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Saturday 25 April 2015

Once Upon A Time

   Number 2 said he is a good man, that he was a good man {Up until The Chimes of Big Ben perhaps} however it may be supposed that he was, in all probability, the best of all the Number 2’s. Perhaps the reason why he was brought back to The Village, much to the man’s disapproval. In fact this man feels much aggrieved at having been brought back to The Village, and shows it openly in the way he stands up to the voice on the other end of the telephone. He speaks out against the authority of Number 1 where others feared to tread.
    “And you can remove that thing too” Number 2 snarls “I’m not an inmate. You can say what you like. You brought me back here. I told you the last time you were using the wrong approach. I do it my way or you find someone else.” Number 2 is not afraid of giving Number 1 his opinion, and it would appear, judging by his words that this was not the first time he had spoken out.
    It could be supposed that if we set ‘Fall Out’ to one side for the time being, that ‘Once Upon A time’ is the true conclusion to ‘the Prisoner.’  After all Number 6 had beaten Number 2, even if he didn’t have the stomach for it. And as well as also, this episode was originally intended to have been the climax of series 1 of ‘the Prisoner.’ The two episodes ‘Do Not Forsake Me Oh My Darling,’ and ‘The Girl Who Was Death,’ could be said to belong to ‘the Prisoner’ second series, seeing as much of the action takes place in the outside World. The idea being that Number 6 would operate outside The Village, in the World beyond.
    ‘Once upon A Time’ is a psychological battle in a one on one situation. It has to be one or the other of them. If they get Number 6 then he will be a better man than Number 2.
   Number 6’s mind has been regressed back to the Prisoner’s childhood, to the age of five. This is achieved by the conditioning of the mind, and compounded by the use of nursery rhymes. Degree Absolute,’ the original tile of the episode, has its roots set firmly in Shakespeare’s ‘Seven Ages of Man.’ And in the time Number 2 plays many parts, the Prisoner’s father, a school Head Master, fencing instructor, boxing coach, Bank Manager, and Judge.
   Number 2 has been given a week in which to achieve the required result, presumably the reason behind the Prisoner’s resignation. Although this does seem a rather extreme measure in order to extract that one piece of information.
   The episode also contains autobiographical content referring to Patrick McGoohan’s earlier life. Number 6 is undoubtedly too young to have taken part in WWII, so perhaps the “bombing” scene refers to the RAF Station {No.6} which was situated right next to McGoohan’s school of Ratcliffe. Having left school he worked in a bank for a time. Having been recruited into the British Military Intelligence by the Bank Manager, could be symbolic of McGoohan taking on the role of John Drake in ‘Danger Man.’ As next we see the Prisoner enacting the role of an agent on secret and confidential business.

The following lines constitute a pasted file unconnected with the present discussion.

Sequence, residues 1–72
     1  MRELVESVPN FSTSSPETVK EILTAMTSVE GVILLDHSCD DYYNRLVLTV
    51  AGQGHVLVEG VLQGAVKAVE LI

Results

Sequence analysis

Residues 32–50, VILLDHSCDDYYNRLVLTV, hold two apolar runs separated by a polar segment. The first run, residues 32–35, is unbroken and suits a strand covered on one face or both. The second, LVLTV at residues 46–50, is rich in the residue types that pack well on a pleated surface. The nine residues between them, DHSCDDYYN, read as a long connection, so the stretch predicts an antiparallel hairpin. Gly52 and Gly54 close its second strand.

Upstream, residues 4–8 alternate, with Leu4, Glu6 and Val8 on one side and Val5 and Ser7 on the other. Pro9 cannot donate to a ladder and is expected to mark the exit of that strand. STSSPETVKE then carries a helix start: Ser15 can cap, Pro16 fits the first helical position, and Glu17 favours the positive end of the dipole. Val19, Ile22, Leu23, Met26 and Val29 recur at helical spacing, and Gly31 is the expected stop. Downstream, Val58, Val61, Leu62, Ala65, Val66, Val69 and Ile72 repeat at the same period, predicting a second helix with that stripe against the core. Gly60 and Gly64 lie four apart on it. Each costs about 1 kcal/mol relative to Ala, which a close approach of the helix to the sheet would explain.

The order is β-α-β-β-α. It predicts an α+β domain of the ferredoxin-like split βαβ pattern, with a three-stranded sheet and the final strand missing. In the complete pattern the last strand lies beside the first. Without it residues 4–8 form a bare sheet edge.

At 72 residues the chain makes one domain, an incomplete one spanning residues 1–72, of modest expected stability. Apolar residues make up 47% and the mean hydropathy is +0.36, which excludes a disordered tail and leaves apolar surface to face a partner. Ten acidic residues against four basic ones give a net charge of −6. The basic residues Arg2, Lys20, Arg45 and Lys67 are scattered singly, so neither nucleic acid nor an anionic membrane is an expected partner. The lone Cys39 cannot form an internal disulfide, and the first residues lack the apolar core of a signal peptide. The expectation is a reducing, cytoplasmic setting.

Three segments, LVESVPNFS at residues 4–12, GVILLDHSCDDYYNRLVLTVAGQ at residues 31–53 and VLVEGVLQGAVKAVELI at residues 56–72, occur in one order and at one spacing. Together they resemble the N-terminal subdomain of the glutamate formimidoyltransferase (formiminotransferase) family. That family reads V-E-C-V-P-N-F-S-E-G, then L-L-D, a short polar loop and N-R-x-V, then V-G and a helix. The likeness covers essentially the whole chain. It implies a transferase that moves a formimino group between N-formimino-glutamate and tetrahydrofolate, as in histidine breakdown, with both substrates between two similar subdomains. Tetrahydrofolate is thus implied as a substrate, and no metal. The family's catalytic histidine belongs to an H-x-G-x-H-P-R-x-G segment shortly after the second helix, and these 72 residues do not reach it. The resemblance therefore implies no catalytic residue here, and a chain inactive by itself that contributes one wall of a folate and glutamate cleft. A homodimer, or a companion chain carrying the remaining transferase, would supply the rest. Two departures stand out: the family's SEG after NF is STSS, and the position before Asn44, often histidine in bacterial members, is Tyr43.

The acting is tight, the mood is intense, because at the point when the pupil and Head Master are struggling on the floor, Leo McKern at one point actually thought McGoohan was going to kill him. And you can see that in the intense struggle between the two men. McKern isn’t acting, that’s real, he’s actually frightened or terrified!
   But the two men are hardly alone. There’s the Butler, who aids and serves, lingering in the background until called upon. And at times acting independently, as the time he subdues the Prisoner with a truncheon! The Butler is also the first in the Embryo Room, so he knows what is about to take place. But who switched the lights off? Because when Number 2 enters the Embryo Room, he has to switch on the lights, the Butler standing in the baby’s playpen toying with a baby’s rattle!
    ‘Degree Absolute’ does seem the better title for the episode, because it is absolute. It has to be either one of them, and it turns out to be Number 6, with Number 2 apparently dying. Poisoned by the drink, or a heart attack brought on the intensity of the physical and psychological struggle with the Prisoner? If it was the drink, then the Butler did it!
    Number 2 was a man who believed in the cause, the whole earth as The Village was his hope, and is prepared to give his life in order to further the cause. We may not wish to see the death of this once charming man, who had a rapport with Number 6.
   Eventually the week is up, the time-lock releases the door……enter the Supervisor, an indifferent, dispassionate man, perhaps somewhat disdainful or contemptuous of his fallen colleague. Although previously the Supervisor had expressed sadness at the possibility of losing his superior, “It’s a risk…..I’d hate to see you go.”
   The cage is sealed with the body in what has now effectively become an airtight container! As for Number 6, he wants what he has wanted from the very outset….Number 1. The supervisor will take him, just like that. No repercussions at the death of Number 2, no frustrations, no prevarications, he simply leads Number 6 out of the Embryo Room to a final falling out!

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